Create No-Sweat Regular Expressions

Validate data input with this powerful — but tricky — pattern-matching language.


Languages: VB | C# | JScript

Technologies: Regular Expressions | Validation


Create No-Sweat Regular Expressions

Validate data input with this powerful - but tricky - pattern-matching language.


By Steven A. Smith


Regular expressions can provide powerful string-searching, formatting, and validating functionality. These expressions can be quite daunting to understand at first, but after you learn the basics, they are not nearly as scary to look at. Until .NET, Microsoft's support for regular expressions was weak compared to many UNIX implementations. With the .NET Framework, however, you now have a powerful implementation of regular expressions at your disposal (see the sidebar, "What are Regular Expressions").


Regular expressions are great for searching text and finding particular patterns or substrings. They're also useful for data validation, ensuring a piece of data matches a predetermined format. Finally, you can use regular expressions to format strings by matching and replacing certain patterns (such as changing a date format from mm/dd/yyyy to dd-mm-yyyy).


The .NET Framework provides a great deal of regular expression support in many of its classes. The System.Text.RegularExpressions namespace provides support for the evaluation of regular expressions. In addition, the ASP.NET validation controls support regular expressions via the RegularExpressionValidator control.


In this article, you will learn what kinds of tasks regular expressions are designed to perform, how to write expressions yourself, and how to take advantage of the regular expression classes provided in the .NET framework. If you'd like to try out the examples yourself, you can find them online at


Regular Expressions to the Rescue

Regular expressions provide a powerful way to search, replace, match, and validate strings by using a process called pattern matching. By using the regular expression syntax you will learn in the next section, you can create an expression that represents a particular pattern, such as a ZIP code, e-mail address, or telephone number. Consider the fairly common data-validation task of verifying an e-mail address. E-mail addresses must follow a well known pattern. They need to have some characters, such as an "@" (at) sign, and then some more characters with at least one period. The exact requirements for the format of an e-mail address are described in section 3.4.1 of RFC 2822 (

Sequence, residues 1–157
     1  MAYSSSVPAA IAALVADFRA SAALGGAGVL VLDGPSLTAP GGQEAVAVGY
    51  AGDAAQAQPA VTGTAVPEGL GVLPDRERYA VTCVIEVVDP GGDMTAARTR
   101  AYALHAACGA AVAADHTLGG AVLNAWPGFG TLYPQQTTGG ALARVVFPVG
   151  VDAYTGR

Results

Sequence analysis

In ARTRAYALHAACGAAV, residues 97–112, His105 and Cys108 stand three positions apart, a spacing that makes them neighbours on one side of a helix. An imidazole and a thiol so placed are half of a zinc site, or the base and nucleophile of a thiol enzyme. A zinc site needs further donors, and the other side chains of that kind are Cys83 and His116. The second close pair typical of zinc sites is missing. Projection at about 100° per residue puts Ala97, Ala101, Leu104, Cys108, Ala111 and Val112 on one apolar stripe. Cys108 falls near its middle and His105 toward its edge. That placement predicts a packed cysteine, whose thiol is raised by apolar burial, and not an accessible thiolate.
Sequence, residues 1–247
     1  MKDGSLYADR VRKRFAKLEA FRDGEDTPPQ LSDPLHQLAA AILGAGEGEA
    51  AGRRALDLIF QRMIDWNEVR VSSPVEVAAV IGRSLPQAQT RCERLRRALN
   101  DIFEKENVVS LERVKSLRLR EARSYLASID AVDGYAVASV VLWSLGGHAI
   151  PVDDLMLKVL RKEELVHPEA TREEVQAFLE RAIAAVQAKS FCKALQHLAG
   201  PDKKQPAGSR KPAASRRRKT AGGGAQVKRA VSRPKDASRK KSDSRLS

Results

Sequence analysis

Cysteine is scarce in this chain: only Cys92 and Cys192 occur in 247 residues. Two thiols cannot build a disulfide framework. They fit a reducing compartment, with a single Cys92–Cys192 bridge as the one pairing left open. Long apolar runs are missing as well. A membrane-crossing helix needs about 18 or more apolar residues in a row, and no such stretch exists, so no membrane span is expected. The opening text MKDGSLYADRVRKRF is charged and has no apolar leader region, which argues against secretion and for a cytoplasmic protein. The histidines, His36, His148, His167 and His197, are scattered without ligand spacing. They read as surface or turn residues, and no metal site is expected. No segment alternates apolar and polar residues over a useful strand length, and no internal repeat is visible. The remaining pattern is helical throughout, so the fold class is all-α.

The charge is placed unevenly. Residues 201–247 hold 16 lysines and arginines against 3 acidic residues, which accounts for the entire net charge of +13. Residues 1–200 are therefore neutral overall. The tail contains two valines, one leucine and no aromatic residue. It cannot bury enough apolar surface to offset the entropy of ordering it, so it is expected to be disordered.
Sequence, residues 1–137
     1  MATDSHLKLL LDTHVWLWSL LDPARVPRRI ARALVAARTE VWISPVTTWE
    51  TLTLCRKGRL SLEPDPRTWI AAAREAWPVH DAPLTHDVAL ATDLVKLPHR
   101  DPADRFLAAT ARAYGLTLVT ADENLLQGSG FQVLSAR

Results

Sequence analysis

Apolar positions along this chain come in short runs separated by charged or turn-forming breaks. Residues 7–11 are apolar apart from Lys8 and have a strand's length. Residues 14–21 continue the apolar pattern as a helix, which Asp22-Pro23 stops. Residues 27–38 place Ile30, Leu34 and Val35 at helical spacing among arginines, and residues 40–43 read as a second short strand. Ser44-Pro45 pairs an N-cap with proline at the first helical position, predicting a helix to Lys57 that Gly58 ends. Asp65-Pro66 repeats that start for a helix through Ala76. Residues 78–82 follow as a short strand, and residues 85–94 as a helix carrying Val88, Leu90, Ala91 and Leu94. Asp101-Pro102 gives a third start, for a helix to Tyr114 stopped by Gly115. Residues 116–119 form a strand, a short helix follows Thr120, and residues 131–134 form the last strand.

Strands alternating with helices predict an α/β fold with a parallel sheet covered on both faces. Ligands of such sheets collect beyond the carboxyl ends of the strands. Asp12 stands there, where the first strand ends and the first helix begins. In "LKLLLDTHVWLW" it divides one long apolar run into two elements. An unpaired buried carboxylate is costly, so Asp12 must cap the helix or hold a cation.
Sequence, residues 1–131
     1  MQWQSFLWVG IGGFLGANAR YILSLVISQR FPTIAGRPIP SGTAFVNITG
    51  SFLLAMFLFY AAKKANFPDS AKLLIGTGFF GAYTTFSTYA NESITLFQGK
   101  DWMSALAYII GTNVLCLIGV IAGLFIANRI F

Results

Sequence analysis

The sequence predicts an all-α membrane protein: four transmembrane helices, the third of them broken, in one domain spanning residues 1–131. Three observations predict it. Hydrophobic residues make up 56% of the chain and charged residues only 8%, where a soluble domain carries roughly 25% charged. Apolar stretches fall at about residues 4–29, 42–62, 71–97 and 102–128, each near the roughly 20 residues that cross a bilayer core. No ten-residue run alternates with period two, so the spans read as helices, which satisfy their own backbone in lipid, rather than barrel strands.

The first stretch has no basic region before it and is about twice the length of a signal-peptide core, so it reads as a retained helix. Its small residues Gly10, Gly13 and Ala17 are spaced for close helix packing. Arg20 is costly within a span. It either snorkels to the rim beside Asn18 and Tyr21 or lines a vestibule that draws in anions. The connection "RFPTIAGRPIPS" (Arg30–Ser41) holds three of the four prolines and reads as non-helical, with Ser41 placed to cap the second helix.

Validating an e-mail address using ASP classic string manipulation is a daunting task and makes a good counterexample to using regular expressions. Without regular expressions, you would have to write about 100 lines of code to validate e-mail addresses, using If-Then statements and string comparisons. First, you'd have to check for an @ symbol. Next, you'd have to make sure a period followed the @ symbol and that at least one character separated the two. You'd then need to make sure at least two characters follow the period. Finally, you'd need to scan the user input to make sure all characters are alphanumeric, with the allowance for a period, an @ symbol, and underscore characters. That's a lot of work for a little bit of validation.


Using a regular expression, however, you can eliminate this complicated series of If-Then statements. In fact, using ASP.NET's RegularExpressionValidator control, you can perform the same validation that required 100 lines of code without writing any code at all (see Figure 1). What's more, you get both client-side and server-side validation; with the ASP classic solution, you'd need an additional 100 or so lines of code to include client-side checking of the address. In Figure 1, note the ValidationExpression property of the RegularExpressionValidator control. This is the expression used to validate an e-mail address according to the RFC (I found it at You'll learn how to build expressions like this one by the end of this article. (For more information about validation controls, see "Master ASP.NET Validator Controls," asp.netPRO July 2002.)


<%@ Page language="vb" %>






ErrorMessage="Invalid Email Address" Display="None"

ControlToValidate="txtEmail" />

Figure 1. You can validate an e-mail address using ASP.NET and regular expressions.


Master the Basics

The simplest regular expressions are string literals. If, for example, you need to find the string "wood" in the phrase "How much wood could a woodchuck chuck if a woodchuck could chuck wood?" you would simply use the literal regular expression "wood". This search would find four matches in the phrase. Most characters used in a regular expression match themselves. Here is a group of metacharacters, however, that have special meaning within regular expressions: